Category Archives: Regulation

Economic Development Requires Grid Transformation

by Todd P. Haymore

Building a more diversified economy and regaining Virginia’s status as best for business were the overarching goals during my time as Secretary of Commerce & Trade under Gov. Terry McAuliffe’s administration.

Working in partnership with hundreds of companies, the General Assembly, regional entities, and colleagues in federal, state, and local governments, we were successful in our efforts to build a new Virginia economy, one less reliant on federal spending and more focused on private sector investment.

I have great confidence the momentum of the last four years will continue under Gov. Ralph Northam.

One way to help keep the positive results going is for state lawmakers to take steps needed to invest in the infrastructure of tomorrow. The Grid Transformation & Security Act of 2018 is an opportunity to address one of the state’s key economic building blocks and ensure we are best positioned for future investment, job creation, and prosperity.

Supported by state legislators on both sides of the aisle, this comprehensive energy policy package ensures a continued supply of clean, reliable, and affordable electricity from Dominion Energy and Appalachian Power for powering modern businesses.

Stakeholder input, which began last year, has continued during the current legislative session to ensure the proposal balances these needs with consumer protections and regulatory oversight. This work has led to greater immediate savings for customers, more opportunities for refunds and rate cuts, and an increase in State Corporation Commission reviews. The recent changes have been incorporated into both the House and Senate versions of the bill.

During my time in Gov. McAuliffe’s cabinet, we worked hard to keep Virginia at the forefront. We traveled the globe to open new markets to Virginia’s products and attract foreign direct investment. We promoted tourism, lured new employers, and supported existing businesses, which generated approximately 70 percent of the more than 200,000 jobs created from 2014-2018. The results included a record $20 billion in new capital investment, a drop in the unemployment rate from 5.4 to 3.7 percent, and significant increases in exports and tourism spending. Forbes, CNBC, and Site Selection magazine recognized the Commonwealth with top ten rankings for business climate.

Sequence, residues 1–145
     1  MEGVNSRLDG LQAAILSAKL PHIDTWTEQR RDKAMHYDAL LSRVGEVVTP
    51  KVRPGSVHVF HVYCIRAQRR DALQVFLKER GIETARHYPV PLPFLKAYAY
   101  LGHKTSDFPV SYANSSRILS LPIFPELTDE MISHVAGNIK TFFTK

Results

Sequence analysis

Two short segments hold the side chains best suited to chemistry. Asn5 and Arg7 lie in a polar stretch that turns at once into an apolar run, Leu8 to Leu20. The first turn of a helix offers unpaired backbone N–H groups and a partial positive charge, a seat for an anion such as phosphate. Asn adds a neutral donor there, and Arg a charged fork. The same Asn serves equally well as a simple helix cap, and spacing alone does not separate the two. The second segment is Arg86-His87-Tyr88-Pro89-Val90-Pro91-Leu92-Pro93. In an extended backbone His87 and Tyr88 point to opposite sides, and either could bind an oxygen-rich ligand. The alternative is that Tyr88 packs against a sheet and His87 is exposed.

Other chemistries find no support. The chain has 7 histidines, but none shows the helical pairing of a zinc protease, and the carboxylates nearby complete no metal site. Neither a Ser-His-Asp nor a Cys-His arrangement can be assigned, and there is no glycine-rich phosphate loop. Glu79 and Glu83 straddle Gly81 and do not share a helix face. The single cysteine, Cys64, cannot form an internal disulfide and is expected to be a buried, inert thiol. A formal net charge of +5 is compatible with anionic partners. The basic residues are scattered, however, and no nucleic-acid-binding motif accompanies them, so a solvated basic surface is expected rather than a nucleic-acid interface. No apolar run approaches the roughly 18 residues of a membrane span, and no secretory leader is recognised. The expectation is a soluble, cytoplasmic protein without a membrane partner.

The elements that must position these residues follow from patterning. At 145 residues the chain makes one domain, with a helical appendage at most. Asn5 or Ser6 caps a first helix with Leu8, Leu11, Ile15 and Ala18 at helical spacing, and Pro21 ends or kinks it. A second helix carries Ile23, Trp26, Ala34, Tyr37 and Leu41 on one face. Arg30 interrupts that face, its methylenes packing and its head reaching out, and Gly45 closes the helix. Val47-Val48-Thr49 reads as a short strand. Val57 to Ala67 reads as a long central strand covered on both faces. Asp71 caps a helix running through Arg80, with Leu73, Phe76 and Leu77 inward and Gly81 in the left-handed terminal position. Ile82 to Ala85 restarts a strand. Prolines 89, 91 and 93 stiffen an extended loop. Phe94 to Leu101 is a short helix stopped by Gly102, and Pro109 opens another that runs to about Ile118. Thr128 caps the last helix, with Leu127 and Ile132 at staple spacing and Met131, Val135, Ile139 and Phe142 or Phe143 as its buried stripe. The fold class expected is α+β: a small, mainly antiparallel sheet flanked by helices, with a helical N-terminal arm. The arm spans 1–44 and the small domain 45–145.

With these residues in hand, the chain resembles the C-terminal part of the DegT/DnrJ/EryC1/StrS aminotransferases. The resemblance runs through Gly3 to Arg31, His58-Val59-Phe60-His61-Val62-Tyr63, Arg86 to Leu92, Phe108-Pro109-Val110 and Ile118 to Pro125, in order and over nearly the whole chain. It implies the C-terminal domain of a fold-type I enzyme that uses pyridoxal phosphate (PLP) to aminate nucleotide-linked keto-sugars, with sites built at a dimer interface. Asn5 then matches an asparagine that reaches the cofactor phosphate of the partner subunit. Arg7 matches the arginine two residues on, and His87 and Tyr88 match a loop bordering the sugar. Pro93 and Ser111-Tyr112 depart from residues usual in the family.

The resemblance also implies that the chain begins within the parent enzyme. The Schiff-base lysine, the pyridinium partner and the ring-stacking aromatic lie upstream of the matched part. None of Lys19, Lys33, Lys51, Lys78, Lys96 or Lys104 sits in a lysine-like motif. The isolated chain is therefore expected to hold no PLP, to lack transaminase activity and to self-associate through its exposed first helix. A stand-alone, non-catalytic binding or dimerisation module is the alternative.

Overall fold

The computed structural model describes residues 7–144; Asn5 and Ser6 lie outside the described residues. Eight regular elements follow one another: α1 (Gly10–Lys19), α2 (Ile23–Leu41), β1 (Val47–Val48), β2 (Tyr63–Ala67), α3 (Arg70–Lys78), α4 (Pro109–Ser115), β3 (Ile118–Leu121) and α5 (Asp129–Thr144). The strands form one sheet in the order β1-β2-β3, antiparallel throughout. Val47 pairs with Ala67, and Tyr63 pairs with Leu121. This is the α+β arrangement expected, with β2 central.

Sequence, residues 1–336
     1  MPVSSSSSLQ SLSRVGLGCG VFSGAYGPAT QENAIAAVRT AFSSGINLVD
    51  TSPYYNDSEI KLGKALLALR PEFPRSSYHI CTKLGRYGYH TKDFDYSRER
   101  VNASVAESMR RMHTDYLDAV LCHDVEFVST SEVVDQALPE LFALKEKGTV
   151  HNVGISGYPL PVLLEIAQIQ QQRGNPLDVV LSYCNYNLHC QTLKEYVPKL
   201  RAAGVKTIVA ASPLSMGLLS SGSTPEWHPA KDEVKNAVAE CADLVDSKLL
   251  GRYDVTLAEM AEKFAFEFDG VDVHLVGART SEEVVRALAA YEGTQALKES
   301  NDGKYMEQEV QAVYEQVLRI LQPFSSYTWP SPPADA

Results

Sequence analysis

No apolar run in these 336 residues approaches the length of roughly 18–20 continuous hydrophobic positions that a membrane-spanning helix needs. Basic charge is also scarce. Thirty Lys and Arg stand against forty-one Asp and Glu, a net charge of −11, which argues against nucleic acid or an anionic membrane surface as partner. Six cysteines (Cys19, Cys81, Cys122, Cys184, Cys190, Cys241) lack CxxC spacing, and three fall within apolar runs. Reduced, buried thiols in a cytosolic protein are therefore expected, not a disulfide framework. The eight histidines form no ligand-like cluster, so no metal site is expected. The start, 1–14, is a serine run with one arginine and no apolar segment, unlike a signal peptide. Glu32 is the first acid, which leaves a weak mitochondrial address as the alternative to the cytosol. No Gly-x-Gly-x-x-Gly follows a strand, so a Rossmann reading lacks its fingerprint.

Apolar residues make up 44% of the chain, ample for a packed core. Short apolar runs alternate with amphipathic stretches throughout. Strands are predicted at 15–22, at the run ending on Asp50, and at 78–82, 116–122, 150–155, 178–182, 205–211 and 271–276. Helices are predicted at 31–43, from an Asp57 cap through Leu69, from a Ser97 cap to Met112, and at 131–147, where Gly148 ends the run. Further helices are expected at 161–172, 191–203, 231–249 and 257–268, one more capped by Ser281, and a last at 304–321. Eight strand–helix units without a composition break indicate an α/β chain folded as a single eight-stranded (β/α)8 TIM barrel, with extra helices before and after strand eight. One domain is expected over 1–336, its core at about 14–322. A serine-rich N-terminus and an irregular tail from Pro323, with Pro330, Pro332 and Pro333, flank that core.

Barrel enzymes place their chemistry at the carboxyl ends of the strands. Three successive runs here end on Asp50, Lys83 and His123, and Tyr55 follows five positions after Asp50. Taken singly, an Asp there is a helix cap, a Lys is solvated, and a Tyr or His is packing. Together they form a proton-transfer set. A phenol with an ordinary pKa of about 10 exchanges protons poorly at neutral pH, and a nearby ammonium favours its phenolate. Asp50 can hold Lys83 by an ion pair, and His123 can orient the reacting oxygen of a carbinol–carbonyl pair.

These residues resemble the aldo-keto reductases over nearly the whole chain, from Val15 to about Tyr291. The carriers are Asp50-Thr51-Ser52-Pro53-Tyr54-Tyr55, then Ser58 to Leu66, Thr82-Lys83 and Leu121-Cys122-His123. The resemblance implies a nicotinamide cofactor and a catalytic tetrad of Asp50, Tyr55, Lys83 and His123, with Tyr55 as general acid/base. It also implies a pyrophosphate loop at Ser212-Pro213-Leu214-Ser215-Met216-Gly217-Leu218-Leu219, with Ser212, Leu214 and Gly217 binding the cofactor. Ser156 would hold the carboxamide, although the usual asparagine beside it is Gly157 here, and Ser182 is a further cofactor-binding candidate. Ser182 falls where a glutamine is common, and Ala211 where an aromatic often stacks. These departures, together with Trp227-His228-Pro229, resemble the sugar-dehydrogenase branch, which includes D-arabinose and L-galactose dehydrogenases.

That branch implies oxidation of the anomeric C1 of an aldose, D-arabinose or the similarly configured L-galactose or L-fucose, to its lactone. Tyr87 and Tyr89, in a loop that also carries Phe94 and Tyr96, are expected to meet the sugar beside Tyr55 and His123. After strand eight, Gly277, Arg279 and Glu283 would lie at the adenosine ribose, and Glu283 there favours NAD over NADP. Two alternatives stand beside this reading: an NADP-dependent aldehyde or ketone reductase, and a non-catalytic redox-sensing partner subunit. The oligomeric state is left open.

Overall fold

Make no mistake about it, the affordability and reliability of energy is a key component of the site selection process.

Unfortunately, Virginia’s electric infrastructure is no longer keeping up with the pace of modern business innovation. Originally designed to take electricity one-way, from the power plant to your home, it wasn’t built to accommodate private solar generation from rooftop panels or spikes in demand from electric vehicle chargers.

As new technology emerges, so have the accompanying threats, which have been foisted upon our aging electric infrastructure. Cyber and physical threats are growing more complex, and frequent. Using secure communications networks and devices along with hardening for circuits and substations gives energy companies the ability to know with greater accuracy what is impacting their system.

With the influx of renewable energy sources in Virginia, come challenges we have never faced, or even imagined. A modern, or smart, grid would make it easier to continue the exponential growth of renewable energy needed to meet the clean energy demands of high-tech firms and continue to shrink the carbon footprint of residential customers.